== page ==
John Steakley died a few years back, apparently while he was working on a sequel to Armor, but as far as I know it wasn't complete enough that it'll ever be released. The only other things I've seen from him were two stories set in the Horseclans setting which weren't bad, but not nearly as good as Armor or Vampire$.
I'm trying to think of other stories like The Private, but it's not easy to come up with something that's exactly the same. William C. Dietz has a series that starts with Legion Of The Damned that is basically The French Foreign Legion INNNN SPAAAAACE! and includes cyborg soldiers who are human minds implanted into robotic bodies. The process is only done to humans who are about to die, and one of the viewpoint characters is a guy who was sentenced to death and given to the Legion after he died. That's the only "condemned criminal goes to war" equivalent I can think of off the top of my head.
Another military SF series that I enjoy quite a bit is by Elliott Kay. It starts with Poor Man's Fight. The main character is a kid who just graduated from high school and is forced by exorbitant student loans to go into the military. So he's not a criminal, but the bit about not really wanting to be there is present. The story follows him through training and into his first deployment where he finds out that he's not really a fan of the military but he's very, very good at violence and thinking on his feet. It's a great adventure yarn and I highly recommend it. The sequels really open up the setting and expand the story.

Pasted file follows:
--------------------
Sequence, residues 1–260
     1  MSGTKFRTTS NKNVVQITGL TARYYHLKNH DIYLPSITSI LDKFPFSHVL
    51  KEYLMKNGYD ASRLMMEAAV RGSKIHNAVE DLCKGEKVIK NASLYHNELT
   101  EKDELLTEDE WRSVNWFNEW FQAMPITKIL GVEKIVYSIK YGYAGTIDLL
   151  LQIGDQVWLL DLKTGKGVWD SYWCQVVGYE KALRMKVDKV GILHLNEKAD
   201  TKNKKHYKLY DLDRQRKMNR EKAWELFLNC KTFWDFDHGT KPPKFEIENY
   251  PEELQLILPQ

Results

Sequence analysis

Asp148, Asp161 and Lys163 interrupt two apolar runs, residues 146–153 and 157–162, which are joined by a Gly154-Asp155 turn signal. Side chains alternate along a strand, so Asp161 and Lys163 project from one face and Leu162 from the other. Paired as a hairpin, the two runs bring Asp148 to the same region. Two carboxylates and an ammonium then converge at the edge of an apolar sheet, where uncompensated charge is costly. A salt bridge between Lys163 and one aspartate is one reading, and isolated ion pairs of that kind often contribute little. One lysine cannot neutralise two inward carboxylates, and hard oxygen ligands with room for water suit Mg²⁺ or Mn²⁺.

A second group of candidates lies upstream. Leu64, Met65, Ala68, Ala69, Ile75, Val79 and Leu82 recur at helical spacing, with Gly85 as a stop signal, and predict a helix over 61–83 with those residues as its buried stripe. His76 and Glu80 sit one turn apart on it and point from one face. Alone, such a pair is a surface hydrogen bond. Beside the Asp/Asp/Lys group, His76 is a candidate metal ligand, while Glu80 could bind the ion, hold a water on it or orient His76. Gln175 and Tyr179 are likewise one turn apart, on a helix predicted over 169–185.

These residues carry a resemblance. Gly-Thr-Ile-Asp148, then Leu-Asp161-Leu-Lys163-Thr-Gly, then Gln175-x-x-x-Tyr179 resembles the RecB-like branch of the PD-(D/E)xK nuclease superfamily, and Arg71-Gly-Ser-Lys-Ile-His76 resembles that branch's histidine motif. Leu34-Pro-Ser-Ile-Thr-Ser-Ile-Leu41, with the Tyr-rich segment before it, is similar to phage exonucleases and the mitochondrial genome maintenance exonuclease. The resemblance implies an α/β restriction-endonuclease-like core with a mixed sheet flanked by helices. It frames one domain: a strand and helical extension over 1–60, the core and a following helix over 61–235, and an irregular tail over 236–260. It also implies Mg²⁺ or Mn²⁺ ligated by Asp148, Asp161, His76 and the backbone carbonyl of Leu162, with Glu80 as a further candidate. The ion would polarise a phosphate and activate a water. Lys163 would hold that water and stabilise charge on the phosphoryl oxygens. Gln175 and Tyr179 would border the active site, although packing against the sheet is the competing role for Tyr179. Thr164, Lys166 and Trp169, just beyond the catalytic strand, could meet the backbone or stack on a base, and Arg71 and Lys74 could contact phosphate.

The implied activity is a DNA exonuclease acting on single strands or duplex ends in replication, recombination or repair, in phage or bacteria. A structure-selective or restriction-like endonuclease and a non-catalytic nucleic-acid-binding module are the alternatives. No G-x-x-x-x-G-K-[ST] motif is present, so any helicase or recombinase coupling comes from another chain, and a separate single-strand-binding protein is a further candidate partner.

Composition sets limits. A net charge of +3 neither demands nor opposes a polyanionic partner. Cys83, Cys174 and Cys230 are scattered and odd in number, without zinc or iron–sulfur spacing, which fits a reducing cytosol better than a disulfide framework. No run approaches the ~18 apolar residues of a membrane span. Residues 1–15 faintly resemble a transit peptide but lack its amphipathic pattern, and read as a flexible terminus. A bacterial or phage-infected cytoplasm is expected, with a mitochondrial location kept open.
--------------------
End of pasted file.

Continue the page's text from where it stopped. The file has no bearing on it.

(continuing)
Old Man's War by John Scalzi is also a great read, and also the first in a series. Earth is pretty badly isolated from the rest of the galaxy, and the only way first world citizens ever get into space is by enlisting in the armed forces. On their 75th birthday. For whatever reason, the military that protects human space only accepts senior citizens, and the main character enlists. We follow him through training and out into the wider galaxy, where he encounters a variety of aliens who are at least as odd as the lizards in The Private.
Speaking of lizards, you might also like The Bug Wars by Robert Asprin. There are no humans in the book, it's told from the point of view of lizard soldiers who are fighting against an insectoid enemy. The lizards aren't very much like the ones in The Private, but they're very interesting just the same. I don't think the book is in print anymore, but Baen books makes it available as an ebook.